Bad housekeepers nowhere in sight
Her school, the Oliver Goldsmith primary, in the London borough of Brent, has buildings it has been told should not be used again next winter, while the plaster peels off the walls and pupils are taught in wooden huts.
Like many headteachers she blames restrictions on local authority spending for nationwide funding disparities , rather than any bad housekeeping. Ms Knowler said Brent council had "pruned its bureaucracy till there is little left to prune". But she added: "We have less money than last year for books, equipment and cover for sickness. I don't know what the answer is."
Brent was one of the highest spenders during the 1980s, but now spends less on its primary schools than any other borough in inner London. By contrast, Lambeth spends almost double the amount on primary pupils - Pounds 2,639 compared with Pounds 1,484 - and more than twice as much on secondary pupils, Pounds 3,415 compared with Pounds 1,638.
Sheila Webb, Lambeth's Labour education spokesperson, said that historically the council has seen education as a priority. Only the City of London, which has just one primary school, spends more on its primary pupils.
"We believe our schools have been reasonably generously funded, partly because there are areas and people of great need within the borough. But we have just had to make cuts of Pounds 10 million in education so whether we will maintain our good standing remains to be seen," she added.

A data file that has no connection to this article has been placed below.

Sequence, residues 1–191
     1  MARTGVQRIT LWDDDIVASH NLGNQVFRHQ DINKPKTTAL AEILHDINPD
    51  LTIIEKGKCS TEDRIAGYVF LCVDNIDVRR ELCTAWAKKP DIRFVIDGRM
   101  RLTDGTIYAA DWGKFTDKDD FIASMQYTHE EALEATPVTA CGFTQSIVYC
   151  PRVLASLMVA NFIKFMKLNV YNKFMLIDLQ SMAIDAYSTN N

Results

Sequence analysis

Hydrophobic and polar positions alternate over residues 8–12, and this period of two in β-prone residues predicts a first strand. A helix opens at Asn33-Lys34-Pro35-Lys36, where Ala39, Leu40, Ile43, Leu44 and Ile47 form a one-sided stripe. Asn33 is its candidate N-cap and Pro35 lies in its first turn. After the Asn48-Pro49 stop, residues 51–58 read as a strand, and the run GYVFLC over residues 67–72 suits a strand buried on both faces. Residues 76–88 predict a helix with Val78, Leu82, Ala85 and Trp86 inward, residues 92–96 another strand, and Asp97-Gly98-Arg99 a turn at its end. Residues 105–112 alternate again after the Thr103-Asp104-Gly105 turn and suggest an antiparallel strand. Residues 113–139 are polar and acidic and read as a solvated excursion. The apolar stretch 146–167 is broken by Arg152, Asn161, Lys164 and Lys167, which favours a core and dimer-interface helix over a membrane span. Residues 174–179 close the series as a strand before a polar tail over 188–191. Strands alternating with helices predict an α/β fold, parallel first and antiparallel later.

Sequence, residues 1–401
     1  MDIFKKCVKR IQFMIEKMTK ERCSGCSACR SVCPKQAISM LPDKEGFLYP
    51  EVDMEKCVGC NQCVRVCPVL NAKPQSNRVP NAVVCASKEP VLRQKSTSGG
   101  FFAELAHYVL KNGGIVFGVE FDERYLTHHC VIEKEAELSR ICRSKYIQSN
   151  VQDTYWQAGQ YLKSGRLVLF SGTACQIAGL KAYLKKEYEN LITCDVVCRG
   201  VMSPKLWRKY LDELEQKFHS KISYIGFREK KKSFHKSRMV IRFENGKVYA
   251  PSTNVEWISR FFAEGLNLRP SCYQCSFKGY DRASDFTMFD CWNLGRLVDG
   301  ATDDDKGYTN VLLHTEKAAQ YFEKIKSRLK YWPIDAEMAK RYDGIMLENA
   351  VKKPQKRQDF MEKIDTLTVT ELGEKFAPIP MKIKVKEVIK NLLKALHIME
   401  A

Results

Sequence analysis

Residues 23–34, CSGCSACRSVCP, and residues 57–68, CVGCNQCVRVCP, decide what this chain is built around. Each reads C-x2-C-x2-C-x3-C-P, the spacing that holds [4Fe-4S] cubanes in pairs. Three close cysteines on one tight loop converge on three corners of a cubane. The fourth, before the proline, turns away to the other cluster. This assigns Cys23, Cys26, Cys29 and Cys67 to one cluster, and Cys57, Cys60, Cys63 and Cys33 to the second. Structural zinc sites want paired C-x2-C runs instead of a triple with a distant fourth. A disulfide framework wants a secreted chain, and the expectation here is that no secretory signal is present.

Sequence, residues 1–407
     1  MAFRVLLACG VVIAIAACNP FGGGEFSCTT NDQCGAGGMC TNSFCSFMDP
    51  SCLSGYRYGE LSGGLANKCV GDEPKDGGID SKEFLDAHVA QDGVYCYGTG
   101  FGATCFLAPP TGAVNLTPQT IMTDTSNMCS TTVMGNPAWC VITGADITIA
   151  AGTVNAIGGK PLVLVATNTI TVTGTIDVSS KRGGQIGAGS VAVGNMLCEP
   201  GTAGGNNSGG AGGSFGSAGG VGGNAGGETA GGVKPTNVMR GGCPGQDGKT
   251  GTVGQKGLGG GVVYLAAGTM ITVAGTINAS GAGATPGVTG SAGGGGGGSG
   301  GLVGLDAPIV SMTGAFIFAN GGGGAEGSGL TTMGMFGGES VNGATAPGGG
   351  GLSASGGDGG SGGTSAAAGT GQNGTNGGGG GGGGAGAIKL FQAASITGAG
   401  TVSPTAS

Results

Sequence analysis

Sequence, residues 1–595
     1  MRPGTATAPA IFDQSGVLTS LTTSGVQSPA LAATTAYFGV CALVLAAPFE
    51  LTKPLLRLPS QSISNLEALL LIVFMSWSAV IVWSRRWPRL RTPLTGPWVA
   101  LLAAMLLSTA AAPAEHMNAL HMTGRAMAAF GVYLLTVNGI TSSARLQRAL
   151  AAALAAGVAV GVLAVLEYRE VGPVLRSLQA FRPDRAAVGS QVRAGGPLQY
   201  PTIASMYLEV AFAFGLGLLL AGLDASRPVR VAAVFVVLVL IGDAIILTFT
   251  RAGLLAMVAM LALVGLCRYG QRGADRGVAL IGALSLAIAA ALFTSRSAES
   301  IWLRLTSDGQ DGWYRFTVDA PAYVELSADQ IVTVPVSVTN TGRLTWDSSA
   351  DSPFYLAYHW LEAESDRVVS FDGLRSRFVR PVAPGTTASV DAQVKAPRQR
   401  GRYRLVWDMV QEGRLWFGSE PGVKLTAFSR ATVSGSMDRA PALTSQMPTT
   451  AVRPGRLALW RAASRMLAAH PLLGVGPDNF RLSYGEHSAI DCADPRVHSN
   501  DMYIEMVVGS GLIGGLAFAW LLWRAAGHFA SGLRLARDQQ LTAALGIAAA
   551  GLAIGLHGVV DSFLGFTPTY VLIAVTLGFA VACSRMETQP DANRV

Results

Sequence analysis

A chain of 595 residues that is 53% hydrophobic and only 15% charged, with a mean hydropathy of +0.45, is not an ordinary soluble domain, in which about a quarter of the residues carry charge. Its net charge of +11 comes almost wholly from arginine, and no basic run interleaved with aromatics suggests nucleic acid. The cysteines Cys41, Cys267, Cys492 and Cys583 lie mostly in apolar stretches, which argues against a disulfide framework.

Ironically, Shropshire, in the forefront of the campaign against cuts, emerged top of the county table in terms of expenditure for secondary pupils although its placing in the primary league was below the national average.
David Oliver, head of 550-pupil Church Stretton School, said the authority had always responded to the needs of its schools.
Church Stretton has 32 mainstream teachers, and two staff for 20 special needs pupils. Its annual budget is just over Pounds 1 million. Mr Oliver said: "Much money has been spent on transporting children, but also towards keeping rural schools open. "
Derek Woodvine, chair of the county's education committee, said in the past few years education budgets has been set up to 9 per cent above the SSA - an major reason why the budget is under pressure and why Shropshire parents figured prominently in last weekend's cuts protest in London. "Our parents expect good academic results and our children have a right to them, and that is the bottom line," he said.
At the other end of the scale, Northumberland heads were understanding of the difficulties faced by their authority.
Simon Foley, head of Blyth Ridley high school, said: "Any problems with funding lie with the Treasury and the Department of the Environment, and not with the authority.
"From what we have seen the LEA is running is central services as frugally as possible. While school budgets have had to be cut by up to 3.5 per cent, savings of 15 per cent are being made centrally. They are doing their best, " he added.
Lindsey Davies, deputy director of Northumberland, said the commission figures were misleading because the LEA still operated a middle-school system, and those pupils were included in the secondary figures. She added: "There are areas in which we do not get the adjustments of other authorities such as area weighting and additional money for socio-economic factors."